MetsInfieldSportsIllustratedWe didn’t just lose a bat, we lost a glove too. Olerud was a fabulous first baseman, a three time Gold Glove winner. Zeile was okay, but he could not carry John’s bat, or his glove. We came so close in 2000, it is hard not to wonder how the team would have done in that World Series with Olerud still on the team.


Of relevance here, I think, is that this was yet another trade where the Mets gave up a live arm, Robert Person. There was a time when the minor league mavens were giddy about Mr. Person’s potential, but he never really amounted to a hill of beans — though for a time he was our hill, and our beans. It seems that historically, Mets teams have done well trading unproven pitching in exchange for projectable hitting.

In fairness to Robert Person, he looked like a pretty decent pitching prospect in the Mets system, though he didn’t crack the roster until 1996 (cup of coffee late in ’95). He went on to start 135 major league ballgames. That’s not nothing, including two good years with the Phillies in 2000 and 2001. For all his mediocrity, I’m glad (and heartsick) to learn to that Person went on to “earn” $11,972,000 over the course of his MLB career. Not bad for a guy who retired at age 33, unable to get anybody out for the Red Sox.


What I remember most about Person’s post-Mets career was an incident where the police had to hogtie him so he could be safely transported to the station, after resisting arrest. It was the day of his arbitration hearing, and is a reminder of how dangerous that process can be for a player.

Be careful Ike!


In the end, all it took was one long look at Todd Ziele for us all the realize what we had in John Olerud. Sigh.

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  1. John A says:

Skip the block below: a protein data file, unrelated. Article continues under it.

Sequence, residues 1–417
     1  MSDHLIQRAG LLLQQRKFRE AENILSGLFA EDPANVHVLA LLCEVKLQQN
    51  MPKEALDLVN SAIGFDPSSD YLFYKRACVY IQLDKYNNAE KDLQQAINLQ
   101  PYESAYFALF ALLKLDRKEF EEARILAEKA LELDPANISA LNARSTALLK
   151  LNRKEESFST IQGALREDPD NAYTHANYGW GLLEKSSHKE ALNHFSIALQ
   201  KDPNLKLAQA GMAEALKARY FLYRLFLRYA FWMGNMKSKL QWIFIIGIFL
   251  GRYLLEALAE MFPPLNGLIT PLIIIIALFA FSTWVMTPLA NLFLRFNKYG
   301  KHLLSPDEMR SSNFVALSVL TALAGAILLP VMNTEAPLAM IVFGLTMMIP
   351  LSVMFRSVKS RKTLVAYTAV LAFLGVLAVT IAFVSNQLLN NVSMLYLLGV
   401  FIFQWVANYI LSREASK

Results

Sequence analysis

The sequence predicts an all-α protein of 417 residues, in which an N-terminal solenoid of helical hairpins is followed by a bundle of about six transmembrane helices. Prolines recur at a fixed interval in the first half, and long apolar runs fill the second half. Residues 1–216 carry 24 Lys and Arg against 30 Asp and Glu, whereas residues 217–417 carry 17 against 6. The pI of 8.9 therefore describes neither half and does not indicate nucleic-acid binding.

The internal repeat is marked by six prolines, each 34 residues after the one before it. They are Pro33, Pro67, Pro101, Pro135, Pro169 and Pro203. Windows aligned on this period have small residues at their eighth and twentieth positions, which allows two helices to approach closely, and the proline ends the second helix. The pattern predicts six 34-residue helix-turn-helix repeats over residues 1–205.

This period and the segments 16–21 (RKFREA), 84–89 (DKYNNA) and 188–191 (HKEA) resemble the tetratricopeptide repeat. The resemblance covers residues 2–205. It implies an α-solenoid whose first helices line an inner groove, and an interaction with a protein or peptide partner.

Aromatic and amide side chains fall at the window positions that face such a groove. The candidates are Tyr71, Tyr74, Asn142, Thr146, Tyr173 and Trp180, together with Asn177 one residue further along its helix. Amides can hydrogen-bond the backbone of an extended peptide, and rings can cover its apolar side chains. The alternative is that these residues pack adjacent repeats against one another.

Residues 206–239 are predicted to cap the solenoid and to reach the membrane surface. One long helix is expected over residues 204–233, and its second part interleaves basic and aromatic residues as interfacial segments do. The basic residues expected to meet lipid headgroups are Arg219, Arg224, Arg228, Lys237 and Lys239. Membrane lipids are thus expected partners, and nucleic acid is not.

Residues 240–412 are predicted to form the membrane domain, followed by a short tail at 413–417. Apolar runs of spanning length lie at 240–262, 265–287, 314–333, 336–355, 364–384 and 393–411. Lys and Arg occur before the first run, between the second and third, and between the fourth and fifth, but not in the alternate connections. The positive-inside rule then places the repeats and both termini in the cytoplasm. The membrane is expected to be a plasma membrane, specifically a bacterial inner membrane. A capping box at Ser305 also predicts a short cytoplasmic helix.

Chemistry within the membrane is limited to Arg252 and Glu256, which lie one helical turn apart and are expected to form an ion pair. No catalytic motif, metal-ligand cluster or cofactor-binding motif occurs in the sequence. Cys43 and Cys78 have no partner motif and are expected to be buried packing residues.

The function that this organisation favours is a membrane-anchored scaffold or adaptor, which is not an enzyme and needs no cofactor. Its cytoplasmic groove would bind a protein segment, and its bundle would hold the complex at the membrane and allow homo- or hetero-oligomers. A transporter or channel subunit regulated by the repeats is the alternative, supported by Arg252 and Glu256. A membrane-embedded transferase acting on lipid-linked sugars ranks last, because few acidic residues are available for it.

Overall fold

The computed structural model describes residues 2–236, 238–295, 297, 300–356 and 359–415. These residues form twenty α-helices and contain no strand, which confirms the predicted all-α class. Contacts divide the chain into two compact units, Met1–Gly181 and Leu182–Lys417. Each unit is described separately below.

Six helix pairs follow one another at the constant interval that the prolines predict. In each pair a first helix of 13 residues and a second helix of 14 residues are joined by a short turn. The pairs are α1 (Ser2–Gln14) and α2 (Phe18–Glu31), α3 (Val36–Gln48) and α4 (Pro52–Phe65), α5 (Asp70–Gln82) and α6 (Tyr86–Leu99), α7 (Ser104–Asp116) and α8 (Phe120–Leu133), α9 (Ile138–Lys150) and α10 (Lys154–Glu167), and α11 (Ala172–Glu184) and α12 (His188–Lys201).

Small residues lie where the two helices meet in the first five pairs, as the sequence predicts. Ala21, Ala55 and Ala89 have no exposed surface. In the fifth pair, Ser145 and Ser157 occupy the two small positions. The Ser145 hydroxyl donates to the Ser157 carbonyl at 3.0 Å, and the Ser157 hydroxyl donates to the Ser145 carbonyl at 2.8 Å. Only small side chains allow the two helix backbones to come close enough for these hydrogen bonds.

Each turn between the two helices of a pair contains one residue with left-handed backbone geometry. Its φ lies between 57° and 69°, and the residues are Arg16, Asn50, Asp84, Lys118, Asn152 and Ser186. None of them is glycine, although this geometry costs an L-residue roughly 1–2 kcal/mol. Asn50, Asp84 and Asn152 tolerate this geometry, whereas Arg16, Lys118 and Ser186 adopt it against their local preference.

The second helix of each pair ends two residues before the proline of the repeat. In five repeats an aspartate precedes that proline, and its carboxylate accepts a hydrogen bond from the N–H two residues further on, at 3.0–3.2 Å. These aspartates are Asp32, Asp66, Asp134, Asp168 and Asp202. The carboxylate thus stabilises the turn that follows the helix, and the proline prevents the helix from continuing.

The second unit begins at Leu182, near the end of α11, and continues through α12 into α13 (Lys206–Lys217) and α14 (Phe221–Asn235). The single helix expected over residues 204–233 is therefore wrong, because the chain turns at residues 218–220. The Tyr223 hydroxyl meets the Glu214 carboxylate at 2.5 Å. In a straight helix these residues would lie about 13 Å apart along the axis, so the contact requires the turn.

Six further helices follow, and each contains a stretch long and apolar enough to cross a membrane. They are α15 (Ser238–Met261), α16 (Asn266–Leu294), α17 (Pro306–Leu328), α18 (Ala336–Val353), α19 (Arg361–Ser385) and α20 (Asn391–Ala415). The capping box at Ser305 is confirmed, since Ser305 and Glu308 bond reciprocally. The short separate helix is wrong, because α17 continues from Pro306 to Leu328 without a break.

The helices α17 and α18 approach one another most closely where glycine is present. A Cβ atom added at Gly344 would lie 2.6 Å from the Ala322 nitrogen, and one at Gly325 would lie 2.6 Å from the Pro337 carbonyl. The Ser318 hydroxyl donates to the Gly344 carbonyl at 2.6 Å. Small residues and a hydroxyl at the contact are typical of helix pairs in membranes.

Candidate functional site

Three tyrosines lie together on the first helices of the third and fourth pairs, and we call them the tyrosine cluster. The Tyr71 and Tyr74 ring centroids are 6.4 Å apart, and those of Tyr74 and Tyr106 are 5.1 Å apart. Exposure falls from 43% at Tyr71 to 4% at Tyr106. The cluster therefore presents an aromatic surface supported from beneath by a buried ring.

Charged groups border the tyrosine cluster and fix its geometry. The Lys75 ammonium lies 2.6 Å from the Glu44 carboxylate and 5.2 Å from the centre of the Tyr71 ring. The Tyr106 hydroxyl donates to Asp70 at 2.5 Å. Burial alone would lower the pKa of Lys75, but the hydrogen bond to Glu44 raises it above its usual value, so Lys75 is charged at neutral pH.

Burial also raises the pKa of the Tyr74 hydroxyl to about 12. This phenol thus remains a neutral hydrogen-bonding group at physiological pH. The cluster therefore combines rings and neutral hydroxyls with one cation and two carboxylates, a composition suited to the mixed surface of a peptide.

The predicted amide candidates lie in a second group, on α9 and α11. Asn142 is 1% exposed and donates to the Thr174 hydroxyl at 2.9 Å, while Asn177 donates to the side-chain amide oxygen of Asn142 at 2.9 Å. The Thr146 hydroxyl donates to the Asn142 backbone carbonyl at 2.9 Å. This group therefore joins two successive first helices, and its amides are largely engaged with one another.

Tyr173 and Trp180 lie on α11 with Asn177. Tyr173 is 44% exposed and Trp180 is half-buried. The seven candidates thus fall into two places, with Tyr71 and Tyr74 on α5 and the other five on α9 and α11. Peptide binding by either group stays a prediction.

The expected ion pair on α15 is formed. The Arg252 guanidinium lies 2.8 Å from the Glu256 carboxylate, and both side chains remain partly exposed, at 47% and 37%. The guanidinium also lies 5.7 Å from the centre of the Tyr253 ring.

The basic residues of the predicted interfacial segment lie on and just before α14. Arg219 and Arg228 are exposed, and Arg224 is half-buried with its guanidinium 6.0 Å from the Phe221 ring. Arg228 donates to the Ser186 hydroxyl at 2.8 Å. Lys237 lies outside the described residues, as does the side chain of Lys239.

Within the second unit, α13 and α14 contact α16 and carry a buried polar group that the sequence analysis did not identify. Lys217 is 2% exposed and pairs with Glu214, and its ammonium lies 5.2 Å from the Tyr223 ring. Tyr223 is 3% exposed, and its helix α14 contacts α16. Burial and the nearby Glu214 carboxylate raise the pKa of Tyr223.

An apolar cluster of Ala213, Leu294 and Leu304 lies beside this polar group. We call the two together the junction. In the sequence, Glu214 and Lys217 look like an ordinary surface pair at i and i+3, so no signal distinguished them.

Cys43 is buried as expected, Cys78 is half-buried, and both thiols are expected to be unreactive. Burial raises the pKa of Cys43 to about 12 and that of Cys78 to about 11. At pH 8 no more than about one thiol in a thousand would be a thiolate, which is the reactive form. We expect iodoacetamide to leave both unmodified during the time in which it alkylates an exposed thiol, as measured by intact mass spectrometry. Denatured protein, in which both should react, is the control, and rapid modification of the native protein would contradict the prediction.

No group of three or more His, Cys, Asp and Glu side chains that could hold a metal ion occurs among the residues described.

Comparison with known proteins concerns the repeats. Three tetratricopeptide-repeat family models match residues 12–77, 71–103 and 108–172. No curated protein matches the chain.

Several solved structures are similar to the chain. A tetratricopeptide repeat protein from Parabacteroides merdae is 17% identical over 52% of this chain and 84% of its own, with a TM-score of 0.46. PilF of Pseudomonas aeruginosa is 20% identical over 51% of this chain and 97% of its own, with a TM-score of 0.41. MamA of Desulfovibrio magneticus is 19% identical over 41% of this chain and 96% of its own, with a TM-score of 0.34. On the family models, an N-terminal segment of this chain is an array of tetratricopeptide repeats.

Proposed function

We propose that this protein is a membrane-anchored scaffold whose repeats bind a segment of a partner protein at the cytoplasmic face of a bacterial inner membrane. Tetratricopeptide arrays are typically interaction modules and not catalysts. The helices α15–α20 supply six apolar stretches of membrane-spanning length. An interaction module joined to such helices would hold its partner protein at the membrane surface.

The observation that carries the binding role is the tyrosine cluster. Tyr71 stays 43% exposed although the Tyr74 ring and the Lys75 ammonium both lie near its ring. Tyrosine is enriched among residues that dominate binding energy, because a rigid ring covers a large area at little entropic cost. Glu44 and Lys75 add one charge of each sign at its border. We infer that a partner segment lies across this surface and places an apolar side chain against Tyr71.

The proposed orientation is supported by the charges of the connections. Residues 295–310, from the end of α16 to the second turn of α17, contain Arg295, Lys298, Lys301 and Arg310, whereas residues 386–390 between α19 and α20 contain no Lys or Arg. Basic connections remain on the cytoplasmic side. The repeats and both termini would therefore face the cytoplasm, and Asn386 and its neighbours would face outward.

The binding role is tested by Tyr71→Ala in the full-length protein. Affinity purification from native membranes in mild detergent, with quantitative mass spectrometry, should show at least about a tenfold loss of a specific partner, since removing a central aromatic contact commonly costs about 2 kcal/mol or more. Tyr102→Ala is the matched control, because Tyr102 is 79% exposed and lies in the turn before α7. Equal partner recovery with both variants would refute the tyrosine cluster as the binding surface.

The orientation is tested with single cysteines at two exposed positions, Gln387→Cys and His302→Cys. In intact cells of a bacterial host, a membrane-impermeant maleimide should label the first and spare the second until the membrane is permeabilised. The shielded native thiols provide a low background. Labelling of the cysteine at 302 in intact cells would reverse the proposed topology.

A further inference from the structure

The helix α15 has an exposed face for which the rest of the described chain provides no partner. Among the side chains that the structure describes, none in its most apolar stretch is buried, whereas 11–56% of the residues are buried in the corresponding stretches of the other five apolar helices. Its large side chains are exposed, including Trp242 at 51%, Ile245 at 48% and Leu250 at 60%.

We wouldve won the 2000 WS if we had Johnny O

  2. James Preller says:

    The link to the “hogtie” story is well worth clicking, folks! This is why we love baseball.

  3. Alan K. says:

    Based on Olerud’s production, why did the Mets allow him to get into his walk year of the contract and not lock him with a long term deal up beforehand?

    • Michael Geus says:

      Looking back it is hard to figure now, especially since the team was spending, and in “go for it” mode.

      Olerud got five years from Seattle. I wonder if it was A-Rod related, Phillips trying to make sure he had a lot of cash ready after the 2000 season ended. The prevailing thought at the time was that A-Rod would become a Met.

      • The A-Rod angle strikes me as pretty perceptive.

        Also, the story was that Olerud was a Seattle guy who knew exactly what he wanted, and that was to go home. It was presented to us (and the Mets?) as a foregone conclusion. Of course, a strong offer might have changed John’s mind. But given his character, it’s possible that money was not the primary motivation. His heart might have been set. At the time, that’s how I understood it. Though in retrospect, I should have been screaming (or typing loudly!) that the Mets needed to go the extra two yards to retain him.

  4. Dave says: